Anyway, “Todo Se Paga” – Everything Gets Paid – told the story of the feud between the Ahumada and Lozano families in the insulated barrio that was itself like a small town, quite apart from the rest of Riverside. Police, in particular, were unwelcome. Only a few years ago, officers who went there still risked being hit with rocks, and neighbors would at times start bonfires in the middle of the streets.

Madison Street is the barrio’s dividing line – east of that was the Lozano family and west of that lived the Ahumadas.

Casa Blanca’s story was very un-Southern Californian – a rooted place, where houses were not only inherited but lived in by generations. Unlike most of the region, history mattered and people remembered and things lingered.

In 1992, after a police officer killed a notorious member of the Ahumadas – Georgie – the police chief of Riverside told the LA Times that the department had no vendetta against any of the families out in Casa Blanca.

“We’re not killing them–they’re killing each other,” he said. “If we really (sought) revenge, and wanted to carry it to its extreme, the best thing we could do is sit back and do nothing because they’ll eventually kill each other.”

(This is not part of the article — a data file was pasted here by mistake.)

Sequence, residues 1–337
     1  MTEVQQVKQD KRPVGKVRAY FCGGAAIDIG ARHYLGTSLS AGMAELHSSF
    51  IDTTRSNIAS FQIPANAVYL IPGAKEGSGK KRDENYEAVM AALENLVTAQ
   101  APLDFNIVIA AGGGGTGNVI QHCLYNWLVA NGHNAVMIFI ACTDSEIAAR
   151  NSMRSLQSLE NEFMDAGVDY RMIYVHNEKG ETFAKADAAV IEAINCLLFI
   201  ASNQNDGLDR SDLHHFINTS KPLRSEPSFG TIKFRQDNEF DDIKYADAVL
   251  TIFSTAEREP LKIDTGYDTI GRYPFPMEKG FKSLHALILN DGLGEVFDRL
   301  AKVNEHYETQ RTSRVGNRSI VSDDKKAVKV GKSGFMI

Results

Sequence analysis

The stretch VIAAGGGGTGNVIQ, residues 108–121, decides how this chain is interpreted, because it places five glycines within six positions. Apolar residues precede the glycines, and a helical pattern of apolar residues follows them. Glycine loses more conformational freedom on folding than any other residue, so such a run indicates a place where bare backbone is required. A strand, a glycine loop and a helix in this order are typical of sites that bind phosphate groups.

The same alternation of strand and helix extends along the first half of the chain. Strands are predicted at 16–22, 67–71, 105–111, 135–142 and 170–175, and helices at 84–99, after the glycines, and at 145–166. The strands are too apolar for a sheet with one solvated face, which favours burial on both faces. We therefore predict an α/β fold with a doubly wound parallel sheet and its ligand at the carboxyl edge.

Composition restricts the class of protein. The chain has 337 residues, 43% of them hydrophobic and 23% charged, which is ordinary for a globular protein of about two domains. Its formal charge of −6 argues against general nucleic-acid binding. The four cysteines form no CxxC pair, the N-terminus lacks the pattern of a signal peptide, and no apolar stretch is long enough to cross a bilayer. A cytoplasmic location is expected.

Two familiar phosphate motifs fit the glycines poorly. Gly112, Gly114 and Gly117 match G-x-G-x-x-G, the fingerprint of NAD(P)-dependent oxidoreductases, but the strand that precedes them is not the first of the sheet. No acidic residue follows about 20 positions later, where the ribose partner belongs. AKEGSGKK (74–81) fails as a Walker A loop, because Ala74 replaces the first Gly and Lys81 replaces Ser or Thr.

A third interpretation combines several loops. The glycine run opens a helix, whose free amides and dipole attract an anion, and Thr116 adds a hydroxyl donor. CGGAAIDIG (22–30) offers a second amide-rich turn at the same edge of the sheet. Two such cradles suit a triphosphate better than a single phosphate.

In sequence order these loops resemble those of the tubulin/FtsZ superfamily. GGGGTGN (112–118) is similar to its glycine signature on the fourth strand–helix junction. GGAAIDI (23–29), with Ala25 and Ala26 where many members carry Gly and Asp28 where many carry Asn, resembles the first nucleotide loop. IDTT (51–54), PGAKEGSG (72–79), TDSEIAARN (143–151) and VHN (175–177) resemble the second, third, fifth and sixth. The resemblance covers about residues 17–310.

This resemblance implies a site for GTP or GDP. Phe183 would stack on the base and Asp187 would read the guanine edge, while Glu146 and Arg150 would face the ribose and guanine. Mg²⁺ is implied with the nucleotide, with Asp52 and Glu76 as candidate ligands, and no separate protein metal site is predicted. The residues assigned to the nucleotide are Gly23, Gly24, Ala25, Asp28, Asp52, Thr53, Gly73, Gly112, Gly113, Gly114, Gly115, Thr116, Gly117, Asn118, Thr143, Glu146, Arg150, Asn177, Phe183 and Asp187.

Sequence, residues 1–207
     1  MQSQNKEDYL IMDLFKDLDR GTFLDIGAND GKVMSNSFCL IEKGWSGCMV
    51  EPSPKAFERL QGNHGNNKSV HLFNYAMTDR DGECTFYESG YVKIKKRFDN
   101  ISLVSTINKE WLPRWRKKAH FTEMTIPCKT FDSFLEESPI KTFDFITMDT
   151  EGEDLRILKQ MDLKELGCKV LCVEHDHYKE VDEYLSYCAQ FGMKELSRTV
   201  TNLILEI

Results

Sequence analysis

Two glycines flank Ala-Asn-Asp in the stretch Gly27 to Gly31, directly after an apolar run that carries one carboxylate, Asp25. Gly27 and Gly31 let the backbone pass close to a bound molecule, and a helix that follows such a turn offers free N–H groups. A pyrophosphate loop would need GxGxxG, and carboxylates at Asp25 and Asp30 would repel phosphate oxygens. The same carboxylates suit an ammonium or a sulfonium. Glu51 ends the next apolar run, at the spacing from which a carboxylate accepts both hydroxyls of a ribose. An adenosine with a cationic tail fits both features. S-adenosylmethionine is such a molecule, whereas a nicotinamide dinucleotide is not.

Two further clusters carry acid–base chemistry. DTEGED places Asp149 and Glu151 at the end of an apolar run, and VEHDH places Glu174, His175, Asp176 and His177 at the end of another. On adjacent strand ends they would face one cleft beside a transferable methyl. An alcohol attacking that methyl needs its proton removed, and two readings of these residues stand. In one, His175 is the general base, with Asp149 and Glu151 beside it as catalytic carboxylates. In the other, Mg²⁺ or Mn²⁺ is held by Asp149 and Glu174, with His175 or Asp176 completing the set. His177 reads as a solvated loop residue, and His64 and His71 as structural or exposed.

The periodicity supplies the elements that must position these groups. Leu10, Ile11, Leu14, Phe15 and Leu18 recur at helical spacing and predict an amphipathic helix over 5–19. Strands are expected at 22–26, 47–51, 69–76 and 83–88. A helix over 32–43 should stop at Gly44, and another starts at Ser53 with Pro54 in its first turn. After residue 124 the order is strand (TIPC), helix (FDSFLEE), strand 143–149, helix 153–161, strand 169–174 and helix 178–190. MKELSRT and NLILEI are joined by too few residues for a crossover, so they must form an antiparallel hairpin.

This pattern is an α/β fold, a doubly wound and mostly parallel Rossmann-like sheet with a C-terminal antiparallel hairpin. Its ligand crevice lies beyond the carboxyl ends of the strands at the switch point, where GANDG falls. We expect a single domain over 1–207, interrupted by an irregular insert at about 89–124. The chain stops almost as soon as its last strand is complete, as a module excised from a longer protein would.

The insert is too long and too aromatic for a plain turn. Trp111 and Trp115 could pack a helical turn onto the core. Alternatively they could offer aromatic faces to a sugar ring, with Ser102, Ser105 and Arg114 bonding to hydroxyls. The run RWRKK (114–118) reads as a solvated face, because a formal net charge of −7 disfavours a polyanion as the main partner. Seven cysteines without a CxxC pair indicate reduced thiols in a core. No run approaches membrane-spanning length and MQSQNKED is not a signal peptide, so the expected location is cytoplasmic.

Over the years, it all got very complicated, with people intermarrying but at the same time feuding, and having to choose sides. Eventually it devolved into two gangs – Fern Street (Ahumada) and Evans Street (Lozano) gangs. For years the gangs that grew from this feud were known for their violence.Riverside Casa blanca 6

Then about three years ago, it all stopped. Graffiti, feuding just ended. There hasn’t been a major crime incident in Casa Blanca for a while now, I’m told.

One cop I toured with said he thought it had to do with an order from drug-trafficking groups that the violence was attracting police attention and getting in the way of business.

That seems a likely possibility, something that’s happened elsewhere in Southern California as well.

But it also seems to me that the world finally came to Casa Blanca, too. A lot of the old families have died, or moved away, or are doing time. Many new residents are from other countries, including Mexico and Central America, and aren’t invested in, or care about, the barrio history.

I went by Ahumada’s Market. An Indian man has owned it for 10 years. There’s a Korean church on Madison, along with a library branch. A Korean man owns a market nearby as well.

Maybe in the rapid-fire change of economics, real estate and culture in Southern California, in contrast to other other parts of the world I could name, it’s more accurate to say that “Todo Se Olvida” – Everything Gets Forgotten.

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Filed under California, Culture, Gangs, Southern California